Social Class In Class Matters By Peter Sacks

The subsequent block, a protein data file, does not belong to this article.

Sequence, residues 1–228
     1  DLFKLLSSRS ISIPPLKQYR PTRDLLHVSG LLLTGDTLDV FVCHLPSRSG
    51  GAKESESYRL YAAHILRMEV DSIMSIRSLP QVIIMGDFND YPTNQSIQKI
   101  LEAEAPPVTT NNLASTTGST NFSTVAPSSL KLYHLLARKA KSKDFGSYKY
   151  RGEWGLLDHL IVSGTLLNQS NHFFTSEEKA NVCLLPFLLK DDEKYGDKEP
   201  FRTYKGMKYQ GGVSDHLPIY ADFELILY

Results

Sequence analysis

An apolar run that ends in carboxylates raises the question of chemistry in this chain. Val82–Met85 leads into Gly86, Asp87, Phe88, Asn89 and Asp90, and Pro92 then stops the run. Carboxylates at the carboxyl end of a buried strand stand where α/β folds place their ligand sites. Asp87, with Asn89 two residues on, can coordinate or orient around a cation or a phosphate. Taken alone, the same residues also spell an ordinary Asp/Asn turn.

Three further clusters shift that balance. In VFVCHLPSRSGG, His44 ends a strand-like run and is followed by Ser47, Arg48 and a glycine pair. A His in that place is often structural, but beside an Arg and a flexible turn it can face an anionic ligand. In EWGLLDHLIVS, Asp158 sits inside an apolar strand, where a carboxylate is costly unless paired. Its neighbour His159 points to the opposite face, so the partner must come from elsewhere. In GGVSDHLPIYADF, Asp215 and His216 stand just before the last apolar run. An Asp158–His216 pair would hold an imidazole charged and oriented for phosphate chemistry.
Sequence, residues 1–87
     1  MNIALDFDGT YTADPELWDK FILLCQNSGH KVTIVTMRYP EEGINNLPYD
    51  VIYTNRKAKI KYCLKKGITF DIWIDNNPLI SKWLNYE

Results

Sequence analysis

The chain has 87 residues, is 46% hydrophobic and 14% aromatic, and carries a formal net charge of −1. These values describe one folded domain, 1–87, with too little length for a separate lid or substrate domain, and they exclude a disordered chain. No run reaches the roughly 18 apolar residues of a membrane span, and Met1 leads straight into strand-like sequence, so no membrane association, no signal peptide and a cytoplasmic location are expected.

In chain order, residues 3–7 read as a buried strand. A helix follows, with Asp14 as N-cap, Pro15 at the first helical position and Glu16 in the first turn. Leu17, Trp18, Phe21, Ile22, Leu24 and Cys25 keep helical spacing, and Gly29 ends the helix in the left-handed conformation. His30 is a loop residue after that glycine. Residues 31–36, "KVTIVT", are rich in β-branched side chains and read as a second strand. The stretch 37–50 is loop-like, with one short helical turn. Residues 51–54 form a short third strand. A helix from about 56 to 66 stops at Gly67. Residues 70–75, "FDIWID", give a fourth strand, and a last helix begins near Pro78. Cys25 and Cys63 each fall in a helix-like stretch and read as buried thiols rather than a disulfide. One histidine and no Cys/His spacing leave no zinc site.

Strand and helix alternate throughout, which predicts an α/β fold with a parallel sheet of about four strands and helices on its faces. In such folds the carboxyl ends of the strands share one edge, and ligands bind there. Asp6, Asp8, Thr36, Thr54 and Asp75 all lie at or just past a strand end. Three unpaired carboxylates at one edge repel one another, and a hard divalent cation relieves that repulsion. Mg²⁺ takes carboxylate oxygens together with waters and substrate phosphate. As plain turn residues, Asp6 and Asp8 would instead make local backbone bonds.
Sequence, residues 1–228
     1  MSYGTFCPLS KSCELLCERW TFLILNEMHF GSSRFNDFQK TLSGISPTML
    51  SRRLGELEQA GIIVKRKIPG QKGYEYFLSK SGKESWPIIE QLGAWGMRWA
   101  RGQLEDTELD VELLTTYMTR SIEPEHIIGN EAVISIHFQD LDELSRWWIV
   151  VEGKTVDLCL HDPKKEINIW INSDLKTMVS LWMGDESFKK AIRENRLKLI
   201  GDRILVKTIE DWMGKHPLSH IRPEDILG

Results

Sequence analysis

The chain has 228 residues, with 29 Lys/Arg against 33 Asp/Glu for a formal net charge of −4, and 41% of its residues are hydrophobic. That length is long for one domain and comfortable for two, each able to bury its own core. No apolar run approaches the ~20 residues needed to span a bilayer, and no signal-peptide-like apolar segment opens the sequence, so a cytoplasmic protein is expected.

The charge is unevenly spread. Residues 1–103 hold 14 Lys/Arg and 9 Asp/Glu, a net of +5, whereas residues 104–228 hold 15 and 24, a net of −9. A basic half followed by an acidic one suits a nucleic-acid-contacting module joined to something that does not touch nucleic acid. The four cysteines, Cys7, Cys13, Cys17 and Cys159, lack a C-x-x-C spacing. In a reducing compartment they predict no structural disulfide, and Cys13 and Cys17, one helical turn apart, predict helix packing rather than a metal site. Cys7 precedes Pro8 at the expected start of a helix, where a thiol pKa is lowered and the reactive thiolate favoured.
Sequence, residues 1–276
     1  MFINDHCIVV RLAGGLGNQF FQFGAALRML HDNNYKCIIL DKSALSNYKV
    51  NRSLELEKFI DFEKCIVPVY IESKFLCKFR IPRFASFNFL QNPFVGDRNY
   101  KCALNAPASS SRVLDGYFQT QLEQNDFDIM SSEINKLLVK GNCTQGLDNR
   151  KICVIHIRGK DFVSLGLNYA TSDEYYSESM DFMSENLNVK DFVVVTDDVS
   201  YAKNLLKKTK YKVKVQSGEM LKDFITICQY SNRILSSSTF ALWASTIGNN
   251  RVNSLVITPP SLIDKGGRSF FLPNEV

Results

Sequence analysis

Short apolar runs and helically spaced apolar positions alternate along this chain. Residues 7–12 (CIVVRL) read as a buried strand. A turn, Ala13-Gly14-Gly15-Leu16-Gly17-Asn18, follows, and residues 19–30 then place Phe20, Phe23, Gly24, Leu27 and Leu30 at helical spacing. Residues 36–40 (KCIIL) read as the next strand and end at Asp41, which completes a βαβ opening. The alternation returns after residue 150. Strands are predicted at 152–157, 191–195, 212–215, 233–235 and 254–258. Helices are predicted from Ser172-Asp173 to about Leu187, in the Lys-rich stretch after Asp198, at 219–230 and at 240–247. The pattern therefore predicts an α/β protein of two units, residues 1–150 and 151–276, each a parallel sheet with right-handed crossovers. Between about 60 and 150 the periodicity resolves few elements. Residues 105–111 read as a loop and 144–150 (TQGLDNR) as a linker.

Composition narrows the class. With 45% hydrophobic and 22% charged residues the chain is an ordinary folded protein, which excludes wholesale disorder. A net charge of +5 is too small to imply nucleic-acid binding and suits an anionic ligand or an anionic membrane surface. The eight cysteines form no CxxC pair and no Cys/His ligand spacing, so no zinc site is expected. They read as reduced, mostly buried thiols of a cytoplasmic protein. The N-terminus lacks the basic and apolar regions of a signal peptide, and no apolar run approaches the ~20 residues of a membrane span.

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Looking at the article “Class Matters” by Peter Sacks, Social classes are divisions in society, which are based on social and economic status. People from a similar social class have a distinct level of power and wealth within a given community or country. The most common social groupings, based on status, are the upper, the middle, and the lower social classes. The precise considerations of determining these hierarchical social categories vary from time to time. Many researchers have come up with different perspectives as far as social stratification is concerned. According to Karl Marx, social stratification is a result of one's position in the hierarchy of factors of production. Therefore, social stratification is a manifestation of financial muscle within society further creating the divide within social groupings as seen through educational divides and inequalities that lie in many aspects of life. Max Weber, a sociologist, argued that class power takes several forms. Peoples' power is manifested in societal hierarchies through their class, in economic level through their class, and in political order from their party. However, Americans have long thought of themselves not burdened by class distinctions. The citizens have no hereditary aristocracy, and even those who are very poor, those from marginalized areas, and the vulnerable individuals have the same chance of becoming successful in life through education. Through a standardized education system, even poor

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